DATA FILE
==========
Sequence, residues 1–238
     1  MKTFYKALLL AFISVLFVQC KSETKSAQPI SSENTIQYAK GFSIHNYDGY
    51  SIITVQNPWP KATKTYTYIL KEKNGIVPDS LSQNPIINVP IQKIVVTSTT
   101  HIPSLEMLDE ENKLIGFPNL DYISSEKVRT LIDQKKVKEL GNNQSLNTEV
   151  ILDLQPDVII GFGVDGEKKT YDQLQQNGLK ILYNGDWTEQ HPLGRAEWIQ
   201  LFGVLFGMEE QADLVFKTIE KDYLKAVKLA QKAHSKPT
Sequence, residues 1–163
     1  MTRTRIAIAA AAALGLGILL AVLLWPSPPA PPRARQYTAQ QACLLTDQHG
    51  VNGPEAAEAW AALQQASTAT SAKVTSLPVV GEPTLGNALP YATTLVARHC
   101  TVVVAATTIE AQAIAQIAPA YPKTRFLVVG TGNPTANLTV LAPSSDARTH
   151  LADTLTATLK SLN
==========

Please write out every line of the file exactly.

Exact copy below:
Sequence, residues 1–238
     1  MKTFYKALLL AFISVLFVQC KSETKSAQPI SSENTIQYAK GFSIHNYDGY
    51  SIITVQNPWP KATKTYTYIL KEKNGIVPDS LSQNPIINVP IQKIVVTSTT
   101  HIPSLEMLDE ENKLIGFPNL DYISSEKVRT LIDQKKVKEL GNNQSLNTEV
   151  ILDLQPDVII GFGVDGEKKT YDQLQQNGLK ILYNGDWTEQ HPLGRAEWIQ
   201  LFGVLFGMEE QADLVFKTIE KDYLKAVKLA QKAHSKPT
Sequence, residues 1–163
     1  MTRTRIAIAA AAALGLGILL AVLLWPSPPA PPRARQYTAQ QACLLTDQHG
    51  VNGPEAAEAW AALQQASTAT SAKVTSLPVV GEPTLGNALP YATTLVARHC
   101  TVVVAATTIE AQAIAQIAPA YPKTRFLVVG TGNPTANLTV LAPSSDARTH
   151  LADTLTATLK SLN